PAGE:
Sunday, November 15, 2009

More FHA: Higher premiums coming and the need for humility

First from Bloomberg, It seems extremely likely the premiums FHA charges will be going up relatively soon:

Insurance premiums for mortgages guaranteed by the Federal Housing Administration may rise as the Obama administration looks for ways to shore up the agency’s finances, Housing and Urban Development Secretary Shaun Donovan said.
Increasing premiums is preferred because it rebuilds the capital base quicker. If they were looking at truly reducing their risk there would be underwriting changes like higher FICO's and higher down payments. Since those issues are political hot potatoes and the fact that premiums can be financed into the loan it is likely that we see the premiums increase before underwriting changes.

Secondly, The FHA needs to find some humility and realize that if they were a private business they would be on the verge of bankruptcy. Instead the FHA director David Stevens is giving speeches like this trumpeting the FHA (emphasis mine):
Federal Housing Administration Commissioner David Stevens said Saturday that concerns the agency is headed for the same financial trouble that snared Fannie Mae, Freddie Mac and the subprime sector are unwarranted.
But Stevens sought to dampen those concerns, noting that despite the most severe housing recession in decades, the agency has $31 billion in capital — $3.5 billion more than it had a year ago.
FHA is "the only participant in home financing services in the U.S. economy that hasn't needed a bailout, hasn't needed (funds from the government's Troubled Asset Relief Program), hasn't needed special assistance and is still completely self-sustaining," Stevens said.
"Without FHA there would be no (housing) market, and this economy's recovery would be significantly slower," he said.
About 17 percent of FHA borrowers are at least one payment behind or in foreclosure, compared with 13 percent for all loans, according to the Mortgage Bankers Association.
"That is why we're still standing while many of others did not survive this tumultuous time," he said.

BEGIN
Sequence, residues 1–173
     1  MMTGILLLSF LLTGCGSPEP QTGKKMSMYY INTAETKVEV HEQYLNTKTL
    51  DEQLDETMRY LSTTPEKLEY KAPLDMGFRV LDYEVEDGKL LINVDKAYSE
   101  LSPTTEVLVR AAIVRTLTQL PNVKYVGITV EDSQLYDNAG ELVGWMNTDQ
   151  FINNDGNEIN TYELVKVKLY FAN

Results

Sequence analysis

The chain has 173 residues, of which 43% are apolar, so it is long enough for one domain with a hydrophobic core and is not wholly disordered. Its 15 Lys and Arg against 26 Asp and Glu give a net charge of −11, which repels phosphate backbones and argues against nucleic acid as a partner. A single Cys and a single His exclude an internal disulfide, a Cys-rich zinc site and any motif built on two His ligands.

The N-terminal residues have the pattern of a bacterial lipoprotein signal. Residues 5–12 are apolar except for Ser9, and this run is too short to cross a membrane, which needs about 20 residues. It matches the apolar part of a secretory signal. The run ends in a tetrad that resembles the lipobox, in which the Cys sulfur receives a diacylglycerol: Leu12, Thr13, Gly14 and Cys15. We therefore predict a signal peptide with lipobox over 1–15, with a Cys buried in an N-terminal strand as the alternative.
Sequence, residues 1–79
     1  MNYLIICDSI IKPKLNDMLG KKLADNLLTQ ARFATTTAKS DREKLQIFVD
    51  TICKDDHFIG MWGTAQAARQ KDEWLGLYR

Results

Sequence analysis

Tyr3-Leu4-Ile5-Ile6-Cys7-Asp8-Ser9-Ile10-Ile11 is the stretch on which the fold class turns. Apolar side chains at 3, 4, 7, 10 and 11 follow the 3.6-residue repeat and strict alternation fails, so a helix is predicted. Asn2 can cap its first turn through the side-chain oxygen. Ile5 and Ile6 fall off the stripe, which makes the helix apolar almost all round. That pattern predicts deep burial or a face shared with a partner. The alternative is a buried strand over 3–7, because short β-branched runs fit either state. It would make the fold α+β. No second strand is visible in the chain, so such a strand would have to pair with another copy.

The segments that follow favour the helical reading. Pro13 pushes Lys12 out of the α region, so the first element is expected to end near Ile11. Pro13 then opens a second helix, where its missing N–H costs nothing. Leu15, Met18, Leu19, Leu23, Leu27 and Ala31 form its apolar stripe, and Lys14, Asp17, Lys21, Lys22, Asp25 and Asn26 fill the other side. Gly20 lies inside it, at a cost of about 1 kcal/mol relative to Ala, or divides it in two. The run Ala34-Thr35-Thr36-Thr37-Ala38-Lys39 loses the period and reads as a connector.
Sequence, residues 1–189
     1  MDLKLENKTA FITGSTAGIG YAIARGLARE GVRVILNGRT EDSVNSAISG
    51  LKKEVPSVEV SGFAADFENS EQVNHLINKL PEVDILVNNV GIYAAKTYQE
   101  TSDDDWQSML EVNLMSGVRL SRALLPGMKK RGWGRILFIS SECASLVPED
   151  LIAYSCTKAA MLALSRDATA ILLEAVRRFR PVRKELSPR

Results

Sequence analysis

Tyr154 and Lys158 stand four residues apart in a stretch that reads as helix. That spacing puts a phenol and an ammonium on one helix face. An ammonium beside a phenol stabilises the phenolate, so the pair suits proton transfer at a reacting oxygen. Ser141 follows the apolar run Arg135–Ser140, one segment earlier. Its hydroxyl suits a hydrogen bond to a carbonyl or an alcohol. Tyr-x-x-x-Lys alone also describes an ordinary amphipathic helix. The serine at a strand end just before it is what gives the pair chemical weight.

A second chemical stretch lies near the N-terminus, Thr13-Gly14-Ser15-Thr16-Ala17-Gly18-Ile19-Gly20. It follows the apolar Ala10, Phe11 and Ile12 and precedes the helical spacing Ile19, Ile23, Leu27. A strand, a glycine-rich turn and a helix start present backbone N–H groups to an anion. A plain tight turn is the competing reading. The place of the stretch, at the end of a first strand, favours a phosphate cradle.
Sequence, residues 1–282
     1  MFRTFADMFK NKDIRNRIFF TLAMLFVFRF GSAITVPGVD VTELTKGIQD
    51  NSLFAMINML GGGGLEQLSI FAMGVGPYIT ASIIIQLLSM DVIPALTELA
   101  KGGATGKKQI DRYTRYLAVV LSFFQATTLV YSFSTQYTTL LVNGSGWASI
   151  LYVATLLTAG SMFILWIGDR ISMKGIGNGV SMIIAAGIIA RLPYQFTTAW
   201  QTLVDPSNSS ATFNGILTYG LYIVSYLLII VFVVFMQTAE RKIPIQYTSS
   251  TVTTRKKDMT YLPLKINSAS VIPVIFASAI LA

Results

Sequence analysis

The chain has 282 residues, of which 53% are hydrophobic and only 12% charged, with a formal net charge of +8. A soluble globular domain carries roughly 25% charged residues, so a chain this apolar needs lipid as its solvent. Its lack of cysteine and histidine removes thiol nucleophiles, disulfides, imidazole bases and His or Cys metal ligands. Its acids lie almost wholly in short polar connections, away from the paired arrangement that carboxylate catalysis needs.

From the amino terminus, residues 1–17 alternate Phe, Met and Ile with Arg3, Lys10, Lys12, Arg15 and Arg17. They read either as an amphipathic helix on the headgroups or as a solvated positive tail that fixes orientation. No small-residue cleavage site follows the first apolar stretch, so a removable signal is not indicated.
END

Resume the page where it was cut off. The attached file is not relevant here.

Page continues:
FHA has more capital than last year but much less reserves a very important distinction. The capital is being set aside for expected losses and is only this high because the FHA is using new business to offset its previous losses it hadn't properly set aside capital for. Since FHA messed up so bad on its old book of business its only way of staying "self sustaining" would be to write new business with fewer losses (stricter underwriting) and they could increase their premiums.

Also hyperbole like "Without FHA there would be no (housing) market" is just stupid. There is always a market. It would be lower than it is now, but there is always a market. It reminds me of Mozilo back when Countrywide was unraveling making similar type of comments to justify the risky lending which ultimately doomed the firm. Fannie and Freddie were similarly arrogant before being placed in conservatorship. FHA will only survive this bust because of its backing by the US Government. It is that simple. It would be helpful if they learned some humility because in businesses with long lags between making decisions and then seeing the consequences of those decisions the bold words of management usually come off pretty stupid when looked at through the lens of history. Management needs to be worried about limiting the damage already done instead of going around tooting its own horn.

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